colours


colours
   In English folklore, the main significant colours are *black, *white, *red, *green, and to a lesser extent *blue. The ascribed meanings, however, do not form a systematic code, nor are they self-consistent; each colour is considered individually, not in parallel or contrast to others in a set, and each can carry either good or bad meanings, according to context. In some cases rhyme determines the meaning, notably in the association of blue and 'true'.
   Various more coherent codes associated with religion, astrology, and alchemy in the medieval and early modern period, were known to at least some sections of the community. The traditional Catholic liturgical colours were: white for the feasts of Christ, Mary, and saints that are not martyrs; red for martyrs; violet in penitential seasons; black on Good Friday and at funerals; green at all other times (the system was modified in the 1960s). Catholics also associate blue with the Virgin Mary.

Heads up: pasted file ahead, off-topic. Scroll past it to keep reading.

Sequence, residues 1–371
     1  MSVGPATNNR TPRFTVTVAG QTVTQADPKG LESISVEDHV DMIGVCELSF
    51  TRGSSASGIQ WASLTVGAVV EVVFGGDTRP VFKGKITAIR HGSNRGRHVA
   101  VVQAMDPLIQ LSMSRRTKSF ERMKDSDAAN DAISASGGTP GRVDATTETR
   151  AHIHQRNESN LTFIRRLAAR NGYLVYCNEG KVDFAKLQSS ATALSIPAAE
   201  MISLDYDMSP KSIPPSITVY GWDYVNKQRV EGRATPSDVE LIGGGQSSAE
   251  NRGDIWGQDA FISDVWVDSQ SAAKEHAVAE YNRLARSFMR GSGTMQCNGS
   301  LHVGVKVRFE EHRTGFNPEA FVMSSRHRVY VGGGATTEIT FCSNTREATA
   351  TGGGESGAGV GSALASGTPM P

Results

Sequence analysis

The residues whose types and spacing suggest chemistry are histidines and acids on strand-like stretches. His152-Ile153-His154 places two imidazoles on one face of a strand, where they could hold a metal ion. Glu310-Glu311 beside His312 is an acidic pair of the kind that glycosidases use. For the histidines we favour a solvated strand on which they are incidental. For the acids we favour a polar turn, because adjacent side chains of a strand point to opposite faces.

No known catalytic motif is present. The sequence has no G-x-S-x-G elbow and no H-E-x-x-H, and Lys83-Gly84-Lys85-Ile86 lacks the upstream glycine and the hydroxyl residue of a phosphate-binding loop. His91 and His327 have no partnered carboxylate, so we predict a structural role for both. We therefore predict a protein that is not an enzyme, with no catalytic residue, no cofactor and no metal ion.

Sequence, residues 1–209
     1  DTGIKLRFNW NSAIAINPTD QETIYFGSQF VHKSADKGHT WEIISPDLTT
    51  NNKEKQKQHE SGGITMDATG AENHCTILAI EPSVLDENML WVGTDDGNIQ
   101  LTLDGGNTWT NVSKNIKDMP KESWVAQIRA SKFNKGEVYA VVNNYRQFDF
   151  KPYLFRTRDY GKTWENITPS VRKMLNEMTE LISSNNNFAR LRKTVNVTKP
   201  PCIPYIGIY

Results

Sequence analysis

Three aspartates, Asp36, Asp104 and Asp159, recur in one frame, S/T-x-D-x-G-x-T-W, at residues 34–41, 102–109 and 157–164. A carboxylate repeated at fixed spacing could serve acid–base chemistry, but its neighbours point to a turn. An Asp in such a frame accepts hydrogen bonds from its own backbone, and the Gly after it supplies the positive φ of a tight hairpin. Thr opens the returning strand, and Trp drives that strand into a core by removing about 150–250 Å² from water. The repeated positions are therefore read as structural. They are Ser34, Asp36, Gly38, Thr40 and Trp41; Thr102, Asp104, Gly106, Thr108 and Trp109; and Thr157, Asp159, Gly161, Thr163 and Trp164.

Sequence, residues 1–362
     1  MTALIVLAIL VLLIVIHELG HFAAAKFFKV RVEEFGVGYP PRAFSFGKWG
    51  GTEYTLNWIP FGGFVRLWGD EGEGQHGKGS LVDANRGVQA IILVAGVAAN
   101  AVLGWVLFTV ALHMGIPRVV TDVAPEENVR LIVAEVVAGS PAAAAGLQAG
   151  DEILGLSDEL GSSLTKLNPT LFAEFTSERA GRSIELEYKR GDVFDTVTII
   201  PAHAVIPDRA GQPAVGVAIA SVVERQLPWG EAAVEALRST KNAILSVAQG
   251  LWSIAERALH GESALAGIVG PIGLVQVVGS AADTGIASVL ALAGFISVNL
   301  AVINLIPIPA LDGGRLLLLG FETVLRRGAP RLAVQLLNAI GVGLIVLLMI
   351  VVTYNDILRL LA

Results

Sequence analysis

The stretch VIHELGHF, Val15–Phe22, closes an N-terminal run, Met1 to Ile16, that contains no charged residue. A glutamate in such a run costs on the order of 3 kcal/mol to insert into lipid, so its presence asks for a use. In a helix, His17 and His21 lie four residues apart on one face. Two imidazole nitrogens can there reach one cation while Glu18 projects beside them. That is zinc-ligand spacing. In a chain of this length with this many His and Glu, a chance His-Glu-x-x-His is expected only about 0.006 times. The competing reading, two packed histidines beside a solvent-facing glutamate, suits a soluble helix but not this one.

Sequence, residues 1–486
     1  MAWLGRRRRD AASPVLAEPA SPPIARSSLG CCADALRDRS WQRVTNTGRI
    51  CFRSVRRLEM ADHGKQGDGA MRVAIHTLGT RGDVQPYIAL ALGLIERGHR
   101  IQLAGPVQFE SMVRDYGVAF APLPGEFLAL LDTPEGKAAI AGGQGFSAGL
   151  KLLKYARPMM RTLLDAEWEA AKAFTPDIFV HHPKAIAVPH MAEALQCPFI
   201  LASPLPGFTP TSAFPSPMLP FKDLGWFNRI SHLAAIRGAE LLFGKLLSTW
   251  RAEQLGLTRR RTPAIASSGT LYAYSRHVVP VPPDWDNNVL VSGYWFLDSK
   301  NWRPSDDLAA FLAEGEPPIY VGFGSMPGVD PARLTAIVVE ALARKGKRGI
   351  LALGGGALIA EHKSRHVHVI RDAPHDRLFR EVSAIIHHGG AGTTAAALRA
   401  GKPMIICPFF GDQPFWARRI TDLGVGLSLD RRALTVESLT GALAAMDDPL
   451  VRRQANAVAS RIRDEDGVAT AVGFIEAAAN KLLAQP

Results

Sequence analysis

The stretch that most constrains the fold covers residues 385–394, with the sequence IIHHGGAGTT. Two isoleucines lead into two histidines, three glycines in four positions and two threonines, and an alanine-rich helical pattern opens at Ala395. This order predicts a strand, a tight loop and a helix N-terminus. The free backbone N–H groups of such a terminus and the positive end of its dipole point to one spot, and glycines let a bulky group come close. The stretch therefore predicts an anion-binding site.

A powerful modern code is the red/amber/ green of traffic controls, according to which red = 'danger/stop', and green = 'safety/go ahead'.

A Dictionary of English folklore. . 2014.

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